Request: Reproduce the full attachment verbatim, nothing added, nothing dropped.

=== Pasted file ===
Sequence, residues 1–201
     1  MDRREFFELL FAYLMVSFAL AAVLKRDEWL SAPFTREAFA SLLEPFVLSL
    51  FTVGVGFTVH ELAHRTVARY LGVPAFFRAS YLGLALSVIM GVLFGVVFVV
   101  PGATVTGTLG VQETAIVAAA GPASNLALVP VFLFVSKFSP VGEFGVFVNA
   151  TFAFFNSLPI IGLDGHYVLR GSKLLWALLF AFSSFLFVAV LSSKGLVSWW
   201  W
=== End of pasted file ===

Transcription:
Sequence, residues 1–201
     1  MDRREFFELL FAYLMVSFAL AAVLKRDEWL SAPFTREAFA SLLEPFVLSL
    51  FTVGVGFTVH ELAHRTVARY LGVPAFFRAS YLGLALSVIM GVLFGVVFVV
   101  PGATVTGTLG VQETAIVAAA GPASNLALVP VFLFVSKFSP VGEFGVFVNA
   151  TFAFFNSLPI IGLDGHYVLR GSKLLWALLF AFSSFLFVAV LSSKGLVSWW
   201  W